Notebinder
iOS 6.0 or later, iPad only
$6.99

I found this PDF note taking app to be interesting because it integrated audio and video capabilities along with your note writing. It reminds me a little of the Livescribe pens that were very popular a few years ago. It allows a little more customization of the screen, is compatible with Pogo Connect and iPen Styli, one touch access to your notes, the ability to easily timestamp notes, and it can switch the touch screen to make it more left hand compatible. However, I find that the import/export is not as robust as the previous reviewed iAnnotate.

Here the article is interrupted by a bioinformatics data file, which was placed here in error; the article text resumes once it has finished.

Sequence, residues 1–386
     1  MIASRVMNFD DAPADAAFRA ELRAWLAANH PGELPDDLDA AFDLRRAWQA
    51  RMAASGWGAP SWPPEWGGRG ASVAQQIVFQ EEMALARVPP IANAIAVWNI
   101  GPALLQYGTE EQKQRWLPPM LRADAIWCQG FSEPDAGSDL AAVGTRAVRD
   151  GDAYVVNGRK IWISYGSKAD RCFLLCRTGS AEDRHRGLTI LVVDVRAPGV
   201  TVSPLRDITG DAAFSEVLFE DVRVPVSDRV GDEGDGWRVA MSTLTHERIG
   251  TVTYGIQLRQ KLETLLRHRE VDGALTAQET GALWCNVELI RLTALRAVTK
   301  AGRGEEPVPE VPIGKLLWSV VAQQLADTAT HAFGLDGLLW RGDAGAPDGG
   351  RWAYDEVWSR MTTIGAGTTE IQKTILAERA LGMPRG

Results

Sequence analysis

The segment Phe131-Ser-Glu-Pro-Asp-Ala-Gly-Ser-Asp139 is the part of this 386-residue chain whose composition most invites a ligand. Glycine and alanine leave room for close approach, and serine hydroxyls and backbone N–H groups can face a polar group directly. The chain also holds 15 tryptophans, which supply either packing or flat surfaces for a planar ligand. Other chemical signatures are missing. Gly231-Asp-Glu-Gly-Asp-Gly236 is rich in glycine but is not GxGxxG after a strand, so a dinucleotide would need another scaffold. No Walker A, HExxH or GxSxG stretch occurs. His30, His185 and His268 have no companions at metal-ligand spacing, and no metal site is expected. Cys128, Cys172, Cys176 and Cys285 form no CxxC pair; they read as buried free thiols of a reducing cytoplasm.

Goodreader
iOS 5.0 or later, iPad only
$4.99

This PDF reader has won many favorable reviews for its robust features and integration with many online systems. You can read pretty much anything on it: books, maps, text, and photos. You can even view movies with it. Goodreader can be used for manuscript annotation since you can write on the PDF as if they were printed pages and can even handwrite in the margins. It has all the annotation goodies that you would expect in an app. Exporting is a breeze due to the numerous methods you can utilize. You can import/export via USB cable or a wifi connection, from email attachments and set the app so that it auto syncs with your favorite cloud server. Goodreader connects with Dropbox, Skydrive, Google Drive, SugarSync and many other online servers. Of all the PDF readers I’m reviewing in this article, I feel that this one is my personal favorite.

Editorial
iOS 6.0 or later, iPad only
$4.99